The Wayward Wonders of Wormwood

“The Absinthe Drinkers” by Jean-Francois Raffaelli (1881) @ Through Vincent’s Eyes

The drunkenness it gives does not resemble any known drunkenness. It makes you lose your footing right away […] You think you are headed towards infinity, like all great dreamers, and you are only headed towards incoherence.

Alfred Delvau

Having only tasted absinthe (which has been described as “more of a soft drug than a drink” , “the green fairy”, and even 19th century Paris’s “national curse”) a couple of times, I’m not the world’s greatest authority on whether the above quote is true.

I will say, however, that Raffaelli’s painting of those who partake regularly in the substance seems rather on point.

As a painter, he was particularly interested in depicting workers, peasants, the homeless, or as Van Gogh observed, “these people who have come down in the world.” Both Vincent and his brother Theo greatly admired Raffaelli’s focus on the poor of the City of Light, and in exchange, did what they could to highlight his pieces in Theo’s gallery (Theo apparently also organized an exhibition of his paintings).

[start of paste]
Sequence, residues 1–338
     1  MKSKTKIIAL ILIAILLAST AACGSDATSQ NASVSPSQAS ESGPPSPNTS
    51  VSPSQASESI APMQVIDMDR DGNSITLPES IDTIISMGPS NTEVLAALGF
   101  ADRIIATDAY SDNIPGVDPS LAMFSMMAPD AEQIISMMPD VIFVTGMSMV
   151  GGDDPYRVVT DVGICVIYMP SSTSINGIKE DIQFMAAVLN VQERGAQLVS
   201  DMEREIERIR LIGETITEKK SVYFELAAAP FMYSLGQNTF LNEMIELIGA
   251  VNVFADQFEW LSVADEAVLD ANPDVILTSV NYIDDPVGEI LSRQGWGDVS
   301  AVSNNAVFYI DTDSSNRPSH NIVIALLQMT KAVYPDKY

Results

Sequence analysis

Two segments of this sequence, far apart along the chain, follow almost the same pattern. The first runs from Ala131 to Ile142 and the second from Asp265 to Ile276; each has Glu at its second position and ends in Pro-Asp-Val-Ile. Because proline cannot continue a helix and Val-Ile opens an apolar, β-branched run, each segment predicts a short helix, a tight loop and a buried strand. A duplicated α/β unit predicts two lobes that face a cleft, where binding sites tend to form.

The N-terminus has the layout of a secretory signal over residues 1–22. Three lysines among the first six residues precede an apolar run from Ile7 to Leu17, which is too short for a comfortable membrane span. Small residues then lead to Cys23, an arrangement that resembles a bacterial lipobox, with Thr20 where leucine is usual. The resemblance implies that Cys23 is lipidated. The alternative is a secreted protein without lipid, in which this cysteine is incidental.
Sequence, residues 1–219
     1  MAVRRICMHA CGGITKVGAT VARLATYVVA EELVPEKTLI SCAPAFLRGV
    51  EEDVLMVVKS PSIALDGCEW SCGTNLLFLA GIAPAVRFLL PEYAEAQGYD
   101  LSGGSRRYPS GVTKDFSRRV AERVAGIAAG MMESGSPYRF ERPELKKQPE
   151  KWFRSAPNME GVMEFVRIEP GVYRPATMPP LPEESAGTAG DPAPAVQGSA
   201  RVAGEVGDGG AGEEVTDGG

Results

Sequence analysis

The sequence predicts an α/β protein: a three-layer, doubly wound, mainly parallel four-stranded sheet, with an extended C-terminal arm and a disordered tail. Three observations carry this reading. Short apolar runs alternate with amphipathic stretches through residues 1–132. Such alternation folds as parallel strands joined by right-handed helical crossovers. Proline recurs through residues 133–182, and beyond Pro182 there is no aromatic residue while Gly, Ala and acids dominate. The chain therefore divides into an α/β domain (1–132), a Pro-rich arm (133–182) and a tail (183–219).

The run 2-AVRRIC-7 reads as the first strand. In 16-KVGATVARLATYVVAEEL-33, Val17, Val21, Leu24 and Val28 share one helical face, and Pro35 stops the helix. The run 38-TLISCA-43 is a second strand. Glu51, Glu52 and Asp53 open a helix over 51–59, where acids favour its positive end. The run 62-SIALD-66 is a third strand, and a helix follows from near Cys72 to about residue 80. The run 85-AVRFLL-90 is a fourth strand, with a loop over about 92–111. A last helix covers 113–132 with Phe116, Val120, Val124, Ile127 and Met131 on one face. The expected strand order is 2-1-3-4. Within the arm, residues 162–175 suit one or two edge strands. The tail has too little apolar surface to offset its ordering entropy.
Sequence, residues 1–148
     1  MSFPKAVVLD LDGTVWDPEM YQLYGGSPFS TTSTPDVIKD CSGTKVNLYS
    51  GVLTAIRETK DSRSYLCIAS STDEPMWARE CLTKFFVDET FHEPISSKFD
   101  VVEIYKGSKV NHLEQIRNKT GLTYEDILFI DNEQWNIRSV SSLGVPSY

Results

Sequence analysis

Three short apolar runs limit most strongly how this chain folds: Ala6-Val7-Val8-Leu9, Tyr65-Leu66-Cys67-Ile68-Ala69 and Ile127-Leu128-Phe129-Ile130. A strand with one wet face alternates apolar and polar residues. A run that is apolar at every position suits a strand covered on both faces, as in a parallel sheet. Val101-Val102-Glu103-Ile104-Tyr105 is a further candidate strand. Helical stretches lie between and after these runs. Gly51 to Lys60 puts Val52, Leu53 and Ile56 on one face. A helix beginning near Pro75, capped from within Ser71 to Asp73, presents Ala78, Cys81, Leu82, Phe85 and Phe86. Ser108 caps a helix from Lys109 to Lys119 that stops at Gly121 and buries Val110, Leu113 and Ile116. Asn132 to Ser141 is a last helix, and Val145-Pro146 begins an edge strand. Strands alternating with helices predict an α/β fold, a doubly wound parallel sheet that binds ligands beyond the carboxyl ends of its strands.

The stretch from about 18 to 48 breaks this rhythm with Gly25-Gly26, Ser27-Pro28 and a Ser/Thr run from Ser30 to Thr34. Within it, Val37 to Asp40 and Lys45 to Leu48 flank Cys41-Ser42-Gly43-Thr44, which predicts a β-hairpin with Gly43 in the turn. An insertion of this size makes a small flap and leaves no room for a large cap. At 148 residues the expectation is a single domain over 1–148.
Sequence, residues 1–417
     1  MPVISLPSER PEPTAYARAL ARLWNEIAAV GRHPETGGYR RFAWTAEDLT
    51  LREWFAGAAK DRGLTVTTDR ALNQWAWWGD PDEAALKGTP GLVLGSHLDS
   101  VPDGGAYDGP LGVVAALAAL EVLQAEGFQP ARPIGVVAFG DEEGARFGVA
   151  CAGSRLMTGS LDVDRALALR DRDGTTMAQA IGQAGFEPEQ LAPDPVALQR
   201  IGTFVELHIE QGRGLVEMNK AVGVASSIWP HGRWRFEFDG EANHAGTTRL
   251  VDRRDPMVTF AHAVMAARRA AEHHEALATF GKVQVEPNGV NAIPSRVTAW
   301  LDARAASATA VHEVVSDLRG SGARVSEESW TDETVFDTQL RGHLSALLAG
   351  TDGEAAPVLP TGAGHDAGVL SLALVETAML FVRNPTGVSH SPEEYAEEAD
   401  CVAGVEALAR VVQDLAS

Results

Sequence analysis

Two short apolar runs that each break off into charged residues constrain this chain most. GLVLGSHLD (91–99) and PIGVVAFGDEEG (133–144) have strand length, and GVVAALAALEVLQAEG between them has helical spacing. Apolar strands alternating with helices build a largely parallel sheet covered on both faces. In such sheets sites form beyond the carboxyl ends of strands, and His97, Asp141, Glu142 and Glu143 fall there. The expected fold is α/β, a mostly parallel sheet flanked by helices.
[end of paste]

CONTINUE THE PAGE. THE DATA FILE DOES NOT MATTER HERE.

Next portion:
Yet again, Van Gogh noticed the few artists who were using their gifts to be a force for good, rather than pandering to the upper middle class (and even upper class) in search of an actual livelihood from their work.

I’m not saying that was the smartest approach, but the idealistic romantic in me is going quite gaga to have learned about it.

Shot on Pixel 6 Pro.

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